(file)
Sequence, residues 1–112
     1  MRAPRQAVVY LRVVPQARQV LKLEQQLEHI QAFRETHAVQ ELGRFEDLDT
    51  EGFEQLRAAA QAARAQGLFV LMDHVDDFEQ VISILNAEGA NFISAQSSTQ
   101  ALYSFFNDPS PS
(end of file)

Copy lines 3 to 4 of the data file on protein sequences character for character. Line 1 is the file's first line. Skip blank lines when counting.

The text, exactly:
    51  EGFEQLRAAA QAARAQGLFV LMDHVDDFEQ VISILNAEGA NFISAQSSTQ
   101  ALYSFFNDPS PS